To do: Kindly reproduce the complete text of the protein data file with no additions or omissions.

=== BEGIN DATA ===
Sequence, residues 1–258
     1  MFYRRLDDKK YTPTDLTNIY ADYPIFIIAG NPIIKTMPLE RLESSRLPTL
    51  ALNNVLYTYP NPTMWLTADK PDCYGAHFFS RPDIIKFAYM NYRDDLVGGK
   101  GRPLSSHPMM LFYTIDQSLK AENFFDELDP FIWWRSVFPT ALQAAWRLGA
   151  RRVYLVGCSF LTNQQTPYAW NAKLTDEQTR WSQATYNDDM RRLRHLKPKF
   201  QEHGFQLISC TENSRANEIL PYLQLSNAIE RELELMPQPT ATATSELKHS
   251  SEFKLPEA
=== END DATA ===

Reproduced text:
Sequence, residues 1–258
     1  MFYRRLDDKK YTPTDLTNIY ADYPIFIIAG NPIIKTMPLE RLESSRLPTL
    51  ALNNVLYTYP NPTMWLTADK PDCYGAHFFS RPDIIKFAYM NYRDDLVGGK
   101  GRPLSSHPMM LFYTIDQSLK AENFFDELDP FIWWRSVFPT ALQAAWRLGA
   151  RRVYLVGCSF LTNQQTPYAW NAKLTDEQTR WSQATYNDDM RRLRHLKPKF
   201  QEHGFQLISC TENSRANEIL PYLQLSNAIE RELELMPQPT ATATSELKHS
   251  SEFKLPEA